What If.. We Went Back to PAPER

I received an email this morning from a company called SoftwareMedia.com, which markets software as one might guess. This turned out to be more than the usual sales pitch for more stuff I didn't need; it looked like a missive preaching the wonders of technology. Well, they rattled the wrong cage. I would reproduce the original email, but unfortunately it is copyrighted, so I'll just quickly summarize it by saying that the author seems to think that paper is inherently insecure, while electronic documents epitomize security. I demolish that in my response below:

Believe it or not, paper is lots more secure in many ways. Don't fall into the traps of thinking that all technology is progress or that history marches inexorably in one direction. Paper has these advantages:

  1. If someone wants a piece of paper in my metal filing cabinet, he has to gain physical access to the specific premises in the world where that piece of paper is stored; he can't do it with a computer program or from the comfort of an office somewhere in China or Russia.
  2. In breaking into the premises where that piece of paper is stored, he will almost certainly leave tracks. The door or cabinet will show signs of damage, and at least someone will know that a breach has occurred. Electronic documents are probably breached every minute of every day and no one even knows that it happened.
  3. A physical break-in also exposes the perpetrator to being caught and identified, whereas electronic break-ins are easily covered, and even if one can be traced back to China or Russia, what can anyone do?
  4. I actually felt safer when my signature card at the bank was physically located in a specific branch office that was not likely to be breached and someone had to visit that branch to verify my signature. Now, it can not only be breached, but duplicated and affixed to any document whatsoever, even a confession to a crime, using tools available to anyone who can afford a personal computer.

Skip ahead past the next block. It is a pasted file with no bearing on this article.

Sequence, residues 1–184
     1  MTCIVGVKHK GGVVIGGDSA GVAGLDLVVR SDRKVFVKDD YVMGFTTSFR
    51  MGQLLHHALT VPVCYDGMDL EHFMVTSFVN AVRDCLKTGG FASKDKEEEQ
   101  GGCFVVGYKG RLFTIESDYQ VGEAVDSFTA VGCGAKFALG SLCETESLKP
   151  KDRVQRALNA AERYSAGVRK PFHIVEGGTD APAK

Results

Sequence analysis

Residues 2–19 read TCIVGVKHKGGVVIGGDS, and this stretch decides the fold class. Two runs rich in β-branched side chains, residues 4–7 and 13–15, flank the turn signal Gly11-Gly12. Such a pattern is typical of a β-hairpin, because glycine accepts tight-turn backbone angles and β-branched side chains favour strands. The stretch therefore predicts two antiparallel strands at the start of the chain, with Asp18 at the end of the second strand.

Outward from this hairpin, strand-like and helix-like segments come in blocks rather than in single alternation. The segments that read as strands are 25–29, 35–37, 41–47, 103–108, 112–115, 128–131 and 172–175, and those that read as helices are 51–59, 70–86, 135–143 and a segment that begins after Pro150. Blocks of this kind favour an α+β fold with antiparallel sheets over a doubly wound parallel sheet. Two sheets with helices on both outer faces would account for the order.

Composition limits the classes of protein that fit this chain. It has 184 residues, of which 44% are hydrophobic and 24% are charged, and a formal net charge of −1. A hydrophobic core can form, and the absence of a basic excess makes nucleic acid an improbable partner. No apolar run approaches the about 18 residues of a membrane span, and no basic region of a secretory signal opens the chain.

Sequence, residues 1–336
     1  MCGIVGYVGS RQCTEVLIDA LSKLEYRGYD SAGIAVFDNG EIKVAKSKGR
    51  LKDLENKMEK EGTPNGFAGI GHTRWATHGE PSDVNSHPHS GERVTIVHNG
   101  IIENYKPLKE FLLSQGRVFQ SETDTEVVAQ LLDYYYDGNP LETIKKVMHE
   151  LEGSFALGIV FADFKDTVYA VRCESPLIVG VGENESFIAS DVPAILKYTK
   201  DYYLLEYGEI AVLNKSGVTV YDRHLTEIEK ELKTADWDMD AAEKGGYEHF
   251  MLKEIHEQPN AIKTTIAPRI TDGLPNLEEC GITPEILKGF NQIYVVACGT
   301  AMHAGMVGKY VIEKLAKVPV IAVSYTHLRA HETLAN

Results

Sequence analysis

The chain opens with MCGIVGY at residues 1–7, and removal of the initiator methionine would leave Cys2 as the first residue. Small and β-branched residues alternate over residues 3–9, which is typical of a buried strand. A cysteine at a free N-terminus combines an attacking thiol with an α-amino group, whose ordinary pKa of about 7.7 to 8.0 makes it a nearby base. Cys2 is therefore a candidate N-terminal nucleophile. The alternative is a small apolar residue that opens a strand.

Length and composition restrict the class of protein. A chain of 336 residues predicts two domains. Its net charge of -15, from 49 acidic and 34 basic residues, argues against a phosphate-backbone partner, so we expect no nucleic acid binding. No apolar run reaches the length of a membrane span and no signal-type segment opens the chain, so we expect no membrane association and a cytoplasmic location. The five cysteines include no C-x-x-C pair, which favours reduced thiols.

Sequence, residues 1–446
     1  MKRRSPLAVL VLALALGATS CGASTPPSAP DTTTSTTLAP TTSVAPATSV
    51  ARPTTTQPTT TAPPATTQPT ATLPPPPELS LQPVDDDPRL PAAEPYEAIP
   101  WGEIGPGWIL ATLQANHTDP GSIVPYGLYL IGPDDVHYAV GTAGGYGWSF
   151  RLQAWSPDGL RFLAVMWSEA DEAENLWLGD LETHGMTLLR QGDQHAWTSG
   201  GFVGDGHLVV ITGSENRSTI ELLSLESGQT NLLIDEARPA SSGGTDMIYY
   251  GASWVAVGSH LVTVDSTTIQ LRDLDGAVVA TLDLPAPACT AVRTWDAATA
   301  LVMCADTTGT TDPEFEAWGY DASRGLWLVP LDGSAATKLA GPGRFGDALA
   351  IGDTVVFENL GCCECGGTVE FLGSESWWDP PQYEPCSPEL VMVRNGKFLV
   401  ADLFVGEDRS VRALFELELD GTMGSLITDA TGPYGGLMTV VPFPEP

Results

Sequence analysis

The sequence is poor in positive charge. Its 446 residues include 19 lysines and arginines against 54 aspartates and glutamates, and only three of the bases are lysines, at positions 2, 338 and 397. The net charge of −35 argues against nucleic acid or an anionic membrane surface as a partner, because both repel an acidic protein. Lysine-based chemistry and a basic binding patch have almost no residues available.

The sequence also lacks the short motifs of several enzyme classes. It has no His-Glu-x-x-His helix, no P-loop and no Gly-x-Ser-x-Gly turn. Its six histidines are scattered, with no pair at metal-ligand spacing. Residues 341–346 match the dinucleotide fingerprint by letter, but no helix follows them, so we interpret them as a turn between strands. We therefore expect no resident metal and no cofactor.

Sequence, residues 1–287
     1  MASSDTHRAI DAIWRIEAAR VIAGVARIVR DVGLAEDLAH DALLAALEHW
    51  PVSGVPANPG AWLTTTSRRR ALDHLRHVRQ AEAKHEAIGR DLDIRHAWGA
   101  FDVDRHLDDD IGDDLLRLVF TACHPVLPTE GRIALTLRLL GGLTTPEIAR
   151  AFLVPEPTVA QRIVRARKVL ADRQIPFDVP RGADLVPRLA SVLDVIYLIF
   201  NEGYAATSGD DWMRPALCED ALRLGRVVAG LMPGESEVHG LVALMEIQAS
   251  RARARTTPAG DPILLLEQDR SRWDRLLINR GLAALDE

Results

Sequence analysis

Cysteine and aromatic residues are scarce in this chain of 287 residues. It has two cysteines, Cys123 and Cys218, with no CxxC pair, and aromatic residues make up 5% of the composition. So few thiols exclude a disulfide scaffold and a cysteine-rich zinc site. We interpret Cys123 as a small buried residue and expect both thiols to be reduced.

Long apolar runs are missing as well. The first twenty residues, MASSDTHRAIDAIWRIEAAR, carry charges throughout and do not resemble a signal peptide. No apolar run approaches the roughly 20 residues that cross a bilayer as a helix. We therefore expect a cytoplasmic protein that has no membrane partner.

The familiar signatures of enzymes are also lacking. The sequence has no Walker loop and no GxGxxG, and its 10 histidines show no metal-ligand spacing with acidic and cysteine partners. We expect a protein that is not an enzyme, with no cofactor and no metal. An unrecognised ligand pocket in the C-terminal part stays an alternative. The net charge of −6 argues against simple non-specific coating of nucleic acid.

5. All these government regulations do very little to protect anyone and simply provide more of an excuse for bigger government and bigger business, who will insist that everything is safe, just because they say so. Proving that something is safe is almost impossible, even if people could agree on what "safe" is.
  6. It's hard to argue that anything electronic is safe when almost every day major companies announce breaches. Again, the proof is in the pudding, or "by their fruits you will know them."
  7. The electronic age has placed verification of everything into the hands of so-called "experts." Any reasonable person can verify the security of a physical filing cabinet or count paper voting ballots; only "experts" can judge the accuracy and safety of electronic records or voting booths, which leaves things wide open to manipulation by those experts-- and how do we even determine whether one who claims to be such an expert really is qualified to render an educated opinion or is just spouting what his handlers tell him to spout?
  8. I remember when banks and supermarkets could operate quite nicely without electricity or computers. Today, without those, a supermarket won't even sell a loaf of bread; they'd rather lock the doors, let everything go bad and toss it in the garbage. Is that progress?

I do actually work in IT, but I hardly find cause to worship IT. Like everything else, it is a highly mixed blessing. Technology is neutral; it can be used for good or evil-- and while it makes some good things easier, it also makes many evil things easier too. It is hardly a complete, unqualified win for man. If we have to go back to paper, I could deal with it-- there will be advantages.

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